The short answer: unfortunately, not as good as we think we are…
Over the past few years, some research has helped us to better discern between reality and myth regarding our ability to multitask. Here are the most enlightening ones.
In 2005, Sergeant, Baillet and Dehaene unveiled the cerebral mechanisms involved in attentional blinking, a phenomenon — comparable to the blink of an eye — of temporary, unconscious and repetitive interruption of our attention. This attentional blink means that when our attention shifts quickly from one task to another, we are more likely to ignore information than when we are focused on a single task. These researchers have calculated that at least 0.25 seconds are required for the brain to record and manipulate the sensory information needed to complete each task.
The term “attentional flexibility” is used to refer to the ability to easily engage, disengage and then re-engage attention, especially between tasks. A person may suffer from an attention problem at one or more of these three different levels of engagement.
Double-tasking observed in neuroimaging
After observing by neuroimaging the brain activity of some thirty volunteer participants engaged in multitasking activity, Inserm researchers Sylvain Charron and Étienne Koechlin (2010) concluded that the brain was not able to effectively perform more than two tasks at the same time. This is because they found that when the brain is working on one task, both frontal lobes are activated, but when a second task comes into play, it divides the work so that each lobe processes one of the two tasks independently. Since in this cerebral system a task translates into a goal — involving the mechanisms of motivation and reward — the brain can, therefore, pursue two competing goals at the same time, but no more. Moreover, trying to accomplish more than one task would be more energy-intensive for the brain, according to Earl Miller, a specialist in divided attention at MIT.
In Charron and Koechlin’s experiment, participants who had to complete a third task missed one repeatedly and made three times as many mistakes as juggling two tasks. According to the researchers, this could not only explain why it would be easier for us to make a good choice when we only have two options but also shed light on the fact that we make irrational decisions when we are faced with more than two choices…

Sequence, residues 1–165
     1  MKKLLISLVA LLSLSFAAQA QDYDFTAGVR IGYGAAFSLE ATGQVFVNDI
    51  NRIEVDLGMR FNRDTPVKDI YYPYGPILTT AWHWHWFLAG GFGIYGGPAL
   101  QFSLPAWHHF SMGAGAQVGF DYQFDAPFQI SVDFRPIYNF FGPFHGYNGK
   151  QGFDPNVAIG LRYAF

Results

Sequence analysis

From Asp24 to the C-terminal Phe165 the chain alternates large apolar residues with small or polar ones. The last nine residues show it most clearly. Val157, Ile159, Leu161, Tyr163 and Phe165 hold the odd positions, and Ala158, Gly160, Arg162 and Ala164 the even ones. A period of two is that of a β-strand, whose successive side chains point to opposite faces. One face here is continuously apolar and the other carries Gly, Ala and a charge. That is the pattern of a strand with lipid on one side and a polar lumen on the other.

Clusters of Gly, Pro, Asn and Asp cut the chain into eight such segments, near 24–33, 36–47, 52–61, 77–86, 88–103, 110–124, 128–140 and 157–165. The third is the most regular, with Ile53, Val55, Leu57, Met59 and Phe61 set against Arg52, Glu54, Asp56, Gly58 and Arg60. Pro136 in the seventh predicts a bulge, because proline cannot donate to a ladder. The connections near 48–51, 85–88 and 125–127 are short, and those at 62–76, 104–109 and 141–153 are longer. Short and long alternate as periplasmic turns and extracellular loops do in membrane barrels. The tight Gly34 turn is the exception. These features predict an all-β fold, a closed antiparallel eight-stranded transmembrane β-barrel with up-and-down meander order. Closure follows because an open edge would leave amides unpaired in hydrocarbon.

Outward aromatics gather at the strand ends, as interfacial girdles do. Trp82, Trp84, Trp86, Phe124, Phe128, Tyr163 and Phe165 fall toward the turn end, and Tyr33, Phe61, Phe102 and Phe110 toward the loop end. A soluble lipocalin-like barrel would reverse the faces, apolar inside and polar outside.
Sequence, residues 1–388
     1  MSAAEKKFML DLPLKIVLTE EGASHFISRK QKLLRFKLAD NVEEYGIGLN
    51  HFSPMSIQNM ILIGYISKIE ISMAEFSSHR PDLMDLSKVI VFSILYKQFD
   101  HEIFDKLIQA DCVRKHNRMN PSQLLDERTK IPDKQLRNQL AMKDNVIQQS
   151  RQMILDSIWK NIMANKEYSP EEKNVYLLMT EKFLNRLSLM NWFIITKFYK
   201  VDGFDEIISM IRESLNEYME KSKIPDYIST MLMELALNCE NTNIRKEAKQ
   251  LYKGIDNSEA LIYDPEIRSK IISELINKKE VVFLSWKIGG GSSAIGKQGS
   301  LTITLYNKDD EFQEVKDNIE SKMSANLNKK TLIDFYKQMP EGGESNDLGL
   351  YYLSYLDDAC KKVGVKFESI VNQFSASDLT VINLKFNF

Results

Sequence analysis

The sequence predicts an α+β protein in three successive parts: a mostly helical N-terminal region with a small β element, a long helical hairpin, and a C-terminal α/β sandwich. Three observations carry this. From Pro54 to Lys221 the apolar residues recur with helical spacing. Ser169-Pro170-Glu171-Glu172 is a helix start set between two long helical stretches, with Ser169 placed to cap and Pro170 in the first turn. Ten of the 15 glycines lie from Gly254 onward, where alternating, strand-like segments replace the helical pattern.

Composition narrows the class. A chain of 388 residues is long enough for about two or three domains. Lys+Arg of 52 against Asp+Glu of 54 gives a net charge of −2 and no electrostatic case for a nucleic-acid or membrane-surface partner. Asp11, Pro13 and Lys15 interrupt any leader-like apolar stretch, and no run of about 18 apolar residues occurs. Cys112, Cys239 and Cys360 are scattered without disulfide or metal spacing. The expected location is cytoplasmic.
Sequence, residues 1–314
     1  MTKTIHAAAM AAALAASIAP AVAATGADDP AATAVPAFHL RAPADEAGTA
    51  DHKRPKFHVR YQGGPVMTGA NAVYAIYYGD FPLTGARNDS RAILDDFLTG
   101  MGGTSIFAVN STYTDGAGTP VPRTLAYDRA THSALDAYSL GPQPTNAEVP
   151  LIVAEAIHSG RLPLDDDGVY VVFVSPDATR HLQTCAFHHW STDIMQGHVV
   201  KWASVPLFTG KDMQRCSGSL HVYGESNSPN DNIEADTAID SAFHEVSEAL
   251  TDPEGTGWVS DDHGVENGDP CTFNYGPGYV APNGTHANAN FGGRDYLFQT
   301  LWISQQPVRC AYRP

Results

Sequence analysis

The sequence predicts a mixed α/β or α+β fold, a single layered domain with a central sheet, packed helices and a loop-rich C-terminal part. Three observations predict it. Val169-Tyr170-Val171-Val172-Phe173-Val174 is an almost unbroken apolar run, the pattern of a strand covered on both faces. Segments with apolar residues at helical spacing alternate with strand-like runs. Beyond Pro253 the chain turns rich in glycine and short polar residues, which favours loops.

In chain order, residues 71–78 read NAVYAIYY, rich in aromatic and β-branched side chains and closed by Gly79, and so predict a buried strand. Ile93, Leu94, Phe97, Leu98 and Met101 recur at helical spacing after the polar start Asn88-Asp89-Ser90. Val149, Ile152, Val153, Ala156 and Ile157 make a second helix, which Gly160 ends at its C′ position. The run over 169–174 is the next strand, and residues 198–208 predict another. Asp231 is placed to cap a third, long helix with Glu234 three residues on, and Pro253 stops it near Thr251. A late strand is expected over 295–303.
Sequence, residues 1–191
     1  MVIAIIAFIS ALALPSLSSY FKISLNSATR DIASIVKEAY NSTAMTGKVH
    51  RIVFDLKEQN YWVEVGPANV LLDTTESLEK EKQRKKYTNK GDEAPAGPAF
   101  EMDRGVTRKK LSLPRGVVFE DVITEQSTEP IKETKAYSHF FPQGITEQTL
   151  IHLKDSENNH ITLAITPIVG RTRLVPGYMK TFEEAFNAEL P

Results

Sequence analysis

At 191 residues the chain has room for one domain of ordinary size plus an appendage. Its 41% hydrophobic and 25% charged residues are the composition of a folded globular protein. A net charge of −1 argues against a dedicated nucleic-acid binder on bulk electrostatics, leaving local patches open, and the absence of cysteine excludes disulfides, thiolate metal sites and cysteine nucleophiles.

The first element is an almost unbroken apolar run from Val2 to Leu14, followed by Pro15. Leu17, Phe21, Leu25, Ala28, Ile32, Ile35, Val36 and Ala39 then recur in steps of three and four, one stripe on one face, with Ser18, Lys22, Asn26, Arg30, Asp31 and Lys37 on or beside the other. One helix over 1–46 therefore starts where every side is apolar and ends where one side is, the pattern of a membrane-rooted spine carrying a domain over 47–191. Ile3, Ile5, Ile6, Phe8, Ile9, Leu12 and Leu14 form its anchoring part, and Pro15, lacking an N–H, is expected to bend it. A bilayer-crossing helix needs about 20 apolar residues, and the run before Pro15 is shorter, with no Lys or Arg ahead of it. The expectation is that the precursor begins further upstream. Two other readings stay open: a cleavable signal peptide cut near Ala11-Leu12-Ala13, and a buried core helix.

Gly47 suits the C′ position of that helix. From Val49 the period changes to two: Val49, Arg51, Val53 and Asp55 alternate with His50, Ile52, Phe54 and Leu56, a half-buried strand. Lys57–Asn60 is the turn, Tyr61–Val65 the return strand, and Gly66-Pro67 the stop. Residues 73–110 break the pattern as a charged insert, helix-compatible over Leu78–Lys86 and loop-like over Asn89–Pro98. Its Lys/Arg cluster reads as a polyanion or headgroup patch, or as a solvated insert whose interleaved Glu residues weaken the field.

Possible third task
The insights provided by Charron and Koechlin’s study, however, are only partial, according to neuroscientist Scott Huettel of Duke University, who nevertheless acknowledges its contribution, even though we know little about how the hemispheres of the brain organize themselves. Huettel says it is conceivable that more than two tasks could be processed simultaneously, but that would depend on the nature of the tasks, as he explains in an interview: “[Charron and Koechlin’s experiment] shows that there are conditions in which you can’t add a third task, but it depends on the type of task and whether it draws on other parts of the brain. For example, people are remarkably good at eating while doing other things,” he says, “because the practiced motor skills involved in eating don’t overlap too heavily with those that interpret visual cues, control language, or run other complex processes.”
More solicitation, more mistakes
A study conducted among emergency physicians (Skaugset and al., 2016), professionals who must make rapid task changes in an environment where interruptions are frequent, concluded that unless tasks have become fully automated by the brain, the more the brain is solicited, the greater the risk of errors. It is true that with regular practice, a task becomes “automated” and thus requires much less attention to complete (Ait Khelifa-Gallois, 2014; Raz and Buhle, 2006).
As a side note to the study by Skaugset and colleagues, we can mention that the brain needs 25 minutes to refocus on a task following a distraction, whereas the average workers would have at their disposal only 11 minutes between each interruption (Mark and al., 2008).